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Wringing Out the Issue

Wet county? Dry county? Currently, we are what some consider a "damp county". And we can change that, for the better.

Let me start out by saying this has nothing to do with the actual alcohol being sold. Sure, the convenience it would provide people who partake in the adult beverage would be increased exponentially, but for now I'm simply looking at it from an economic standpoint. As most issues like this go, it won't be the solution that saves us all, but it's a starting point and a way to begin the discussion.

As a business owner, and former pizza delivery driver, I have had my share of interactions with out-of-towners. One of the most consistent and baffling discoveries they make while visiting our great city is that being a "dry county" is still a thing. Reactions have ranged from timid scoffs at the inability to run to the gas station for a beer, to very verbal utter confusion that we have to drive 20 miles to grab some gin to be paired with our tonic.

Russellville is notorious for not always being open to change. But sometimes, change is good. Take for example the decision to sell lottery tickets that was voted on and then approved in 2009. A big issue of the highest drama, introducing what some considered a less-than way of life to our family friendly city. What has it done? Well, it's provided students across the state with 235,000 scholarships- 4,905 in Pope County alone. "While budgeting for $80.9 million, the lottery actually made $85,277,000 in total proceeds for fiscal year 2016-2017, a difference of more than $4.3 million."

Now, alcohol sales and lottery tickets are obviously vastly different beasts, but the lessons learned from this can be similar. Something that people think will make their hometown go down the drain has actually improved that very hometown. In the case of lottery tickets it was improved by helping college goers to become more intelligent and productive members of society. Who knows? Maybe one of those scholarships will provide an environment for the next Elon Musk, right here in Russellville. Maybe not, but if there's a possibility then we should foster that. For one Russellville resident, Brittany Pickens, the scholarship led to her acquiring 3 degrees, including a Master's, when she originally thought college wasn't even an option for her.

Alcohol sales on the other hand will hit a different aspect. The quality of life.

And by this I don't mean people who drink have better lives. I mean that keeping money in our local businesses helps enhance our local lives.

One way to increase quality of life? Create incentives for redevelopment, and encourage more investment in the community. Making it easier for interested businesses and developers to consider us can help the community’s long-term priorities and revenue. How do we help with those incentives? One of many ways includes being a wet county.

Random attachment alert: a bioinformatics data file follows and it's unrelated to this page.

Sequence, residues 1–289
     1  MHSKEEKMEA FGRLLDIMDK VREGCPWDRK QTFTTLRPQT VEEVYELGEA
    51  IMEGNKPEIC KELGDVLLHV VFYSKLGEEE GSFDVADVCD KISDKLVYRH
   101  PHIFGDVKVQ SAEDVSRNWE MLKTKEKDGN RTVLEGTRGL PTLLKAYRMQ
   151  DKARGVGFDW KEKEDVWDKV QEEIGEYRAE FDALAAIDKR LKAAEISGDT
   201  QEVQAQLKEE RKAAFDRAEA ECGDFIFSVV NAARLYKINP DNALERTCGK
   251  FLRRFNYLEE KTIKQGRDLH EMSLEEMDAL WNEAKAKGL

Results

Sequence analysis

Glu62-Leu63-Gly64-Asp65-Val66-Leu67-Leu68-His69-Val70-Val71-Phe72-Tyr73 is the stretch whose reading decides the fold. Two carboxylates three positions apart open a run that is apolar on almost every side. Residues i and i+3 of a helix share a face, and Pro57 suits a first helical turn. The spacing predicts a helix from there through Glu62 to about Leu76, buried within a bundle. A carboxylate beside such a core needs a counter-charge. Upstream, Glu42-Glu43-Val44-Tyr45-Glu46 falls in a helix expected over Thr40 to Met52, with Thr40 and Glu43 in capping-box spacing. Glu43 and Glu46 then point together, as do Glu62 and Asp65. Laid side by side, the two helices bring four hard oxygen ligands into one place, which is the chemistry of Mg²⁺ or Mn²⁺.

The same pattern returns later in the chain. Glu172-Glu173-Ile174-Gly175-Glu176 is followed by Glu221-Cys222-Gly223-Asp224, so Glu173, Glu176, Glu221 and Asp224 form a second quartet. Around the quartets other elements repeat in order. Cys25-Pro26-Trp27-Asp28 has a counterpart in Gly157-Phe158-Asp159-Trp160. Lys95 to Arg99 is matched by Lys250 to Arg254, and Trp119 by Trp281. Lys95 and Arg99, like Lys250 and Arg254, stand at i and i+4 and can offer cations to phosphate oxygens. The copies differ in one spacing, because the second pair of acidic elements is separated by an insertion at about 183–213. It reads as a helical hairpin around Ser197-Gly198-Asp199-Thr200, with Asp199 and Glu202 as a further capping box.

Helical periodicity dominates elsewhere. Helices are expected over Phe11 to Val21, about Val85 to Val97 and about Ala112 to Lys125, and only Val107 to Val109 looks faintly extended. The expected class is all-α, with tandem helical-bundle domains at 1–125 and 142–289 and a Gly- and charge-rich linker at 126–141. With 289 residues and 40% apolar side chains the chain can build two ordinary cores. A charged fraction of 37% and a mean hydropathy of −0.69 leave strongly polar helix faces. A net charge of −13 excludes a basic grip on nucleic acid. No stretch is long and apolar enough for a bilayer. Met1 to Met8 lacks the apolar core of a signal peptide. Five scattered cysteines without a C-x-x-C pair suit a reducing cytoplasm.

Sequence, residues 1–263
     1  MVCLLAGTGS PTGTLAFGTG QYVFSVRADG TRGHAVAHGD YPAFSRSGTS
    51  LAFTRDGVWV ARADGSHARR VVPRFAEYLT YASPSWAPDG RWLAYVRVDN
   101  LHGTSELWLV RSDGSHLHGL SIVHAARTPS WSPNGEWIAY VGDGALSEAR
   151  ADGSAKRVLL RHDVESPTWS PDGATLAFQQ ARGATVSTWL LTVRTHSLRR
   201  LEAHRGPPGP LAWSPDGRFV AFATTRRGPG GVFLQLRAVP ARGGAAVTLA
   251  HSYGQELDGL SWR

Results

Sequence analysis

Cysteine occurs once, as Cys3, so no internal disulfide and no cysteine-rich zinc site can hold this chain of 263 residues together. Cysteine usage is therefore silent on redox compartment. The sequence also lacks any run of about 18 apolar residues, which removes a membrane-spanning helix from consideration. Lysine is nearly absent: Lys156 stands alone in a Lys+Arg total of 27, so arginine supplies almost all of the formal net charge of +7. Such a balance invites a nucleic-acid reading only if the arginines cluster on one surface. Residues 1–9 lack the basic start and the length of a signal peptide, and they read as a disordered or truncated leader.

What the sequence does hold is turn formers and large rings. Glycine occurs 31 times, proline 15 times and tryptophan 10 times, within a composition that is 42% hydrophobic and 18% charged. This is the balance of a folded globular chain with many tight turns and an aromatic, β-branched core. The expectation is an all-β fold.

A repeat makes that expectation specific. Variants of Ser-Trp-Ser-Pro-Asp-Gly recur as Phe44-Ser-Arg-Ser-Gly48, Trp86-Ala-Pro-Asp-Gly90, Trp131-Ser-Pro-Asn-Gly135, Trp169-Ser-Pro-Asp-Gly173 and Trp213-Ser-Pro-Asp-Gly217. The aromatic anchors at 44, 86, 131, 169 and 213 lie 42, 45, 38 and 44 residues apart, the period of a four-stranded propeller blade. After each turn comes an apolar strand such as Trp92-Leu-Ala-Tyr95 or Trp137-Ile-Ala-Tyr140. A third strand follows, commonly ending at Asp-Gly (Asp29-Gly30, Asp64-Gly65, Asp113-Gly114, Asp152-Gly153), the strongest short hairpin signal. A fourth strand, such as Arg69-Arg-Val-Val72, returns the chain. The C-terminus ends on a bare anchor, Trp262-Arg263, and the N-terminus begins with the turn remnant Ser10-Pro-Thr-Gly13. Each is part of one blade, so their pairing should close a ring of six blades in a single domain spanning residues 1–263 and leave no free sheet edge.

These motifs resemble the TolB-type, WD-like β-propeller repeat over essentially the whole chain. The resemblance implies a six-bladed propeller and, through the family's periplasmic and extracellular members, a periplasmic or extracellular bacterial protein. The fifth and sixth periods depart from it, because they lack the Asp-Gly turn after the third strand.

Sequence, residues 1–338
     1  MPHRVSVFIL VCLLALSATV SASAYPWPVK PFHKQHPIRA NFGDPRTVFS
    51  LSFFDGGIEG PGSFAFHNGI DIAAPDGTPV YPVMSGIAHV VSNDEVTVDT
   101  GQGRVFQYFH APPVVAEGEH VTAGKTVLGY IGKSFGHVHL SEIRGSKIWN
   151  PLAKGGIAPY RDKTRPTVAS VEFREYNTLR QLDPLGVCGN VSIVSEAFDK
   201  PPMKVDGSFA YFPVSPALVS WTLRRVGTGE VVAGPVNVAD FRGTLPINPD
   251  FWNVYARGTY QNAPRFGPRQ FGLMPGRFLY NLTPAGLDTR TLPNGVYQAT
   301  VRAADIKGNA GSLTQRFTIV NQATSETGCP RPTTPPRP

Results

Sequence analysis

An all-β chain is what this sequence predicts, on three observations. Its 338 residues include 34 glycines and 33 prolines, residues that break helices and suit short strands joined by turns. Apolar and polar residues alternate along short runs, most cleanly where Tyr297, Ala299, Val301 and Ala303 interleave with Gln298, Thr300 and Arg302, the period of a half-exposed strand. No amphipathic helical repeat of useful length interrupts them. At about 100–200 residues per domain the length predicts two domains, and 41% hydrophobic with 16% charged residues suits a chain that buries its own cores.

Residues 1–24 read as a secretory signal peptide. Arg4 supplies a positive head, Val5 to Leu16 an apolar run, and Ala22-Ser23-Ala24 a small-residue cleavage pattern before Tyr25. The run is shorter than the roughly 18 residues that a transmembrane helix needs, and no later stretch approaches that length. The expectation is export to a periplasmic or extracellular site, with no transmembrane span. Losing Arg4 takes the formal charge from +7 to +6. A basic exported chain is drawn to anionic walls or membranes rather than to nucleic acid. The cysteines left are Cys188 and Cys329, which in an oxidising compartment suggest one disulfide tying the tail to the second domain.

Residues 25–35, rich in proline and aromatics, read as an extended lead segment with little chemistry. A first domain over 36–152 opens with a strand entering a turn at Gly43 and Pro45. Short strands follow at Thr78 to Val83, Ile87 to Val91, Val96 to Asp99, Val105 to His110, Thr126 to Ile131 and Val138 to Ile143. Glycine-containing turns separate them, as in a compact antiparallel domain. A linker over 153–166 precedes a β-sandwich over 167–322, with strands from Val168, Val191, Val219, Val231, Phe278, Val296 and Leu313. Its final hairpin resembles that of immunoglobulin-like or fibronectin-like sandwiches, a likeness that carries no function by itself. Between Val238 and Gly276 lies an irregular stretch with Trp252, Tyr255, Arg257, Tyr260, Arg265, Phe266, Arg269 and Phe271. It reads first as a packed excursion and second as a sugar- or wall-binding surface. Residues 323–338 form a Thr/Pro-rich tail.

David Lang, general manager of Embassy Suites in Rogers stated that "Arvest Ballpark, the home of the Northwest Arkansas Naturals, which opened in 2008, was built in Springdale because Washington County was wet". Plus, Walmart Arkansas Music Pavilion in Rogers, which opened in 2014, “wouldn’t have been in Northwest Arkansas if we had been a dry county."

More economic opportunity. Who can be against that? With more economic opportunity and investment there will be more options for your family to enjoy the city they call home. Once again keeping money here to be cycled back through the places run by our neighbors and friends who put that money into the community. A sort of positive feedback loop for local life.

For those worried about an increase in drunken behavior, Clark County Judge Ron Daniel stated that “legalizing alcohol sales didn’t start people drinking more. It just makes it more convenient for those who do." Clark County residents no longer have to drive through dry Hot Spring County to Garland County to buy their liquor. “We used to have a lot of wrecks, kids and everyone else going from here and Hot Springs, but that has cut down tremendously,” Daniel said. Will there still be drunken behavior and wrecks? Most likely. But it may help cut it down if folks don't have to go to a restaurant (or different county) to drink when they can just stay at home and do so safely and responsibly.

To break it down as uncontroversial as possible- we want to keep local money local. Pope County residents are already spending the money, we simply want to reroute that money from a neighboring county to our own. That's all. We love our community and we want to see it thrive in any way we can. If that means bringing in some liquor stores, then so be it.

Alderman Nathan George commented on the possibility of bringing in sales from alcohol. "From a financial standpoint alcohol sales are not the holy grail of fixing the loss of revenue in the city. However, the change from dry to wet could be an additional step in increasing other revenue streams. Sales tax from tourism, recruiting industry, and keeping people spending their money in our city are just a few benefits. The city would need to promote the opportunities after the change (if it occurs) to see an increase in those areas", George said.

Who knows, we may even be able to allocate some of the sales tax from alcohol sales to support community programs. (Literally, who knows? Cause I certainly don't.) There are pros and cons. There are this's and that's. But mostly there's opportunity. And every city should at least entertain, if not embrace, opportunities that come their way.

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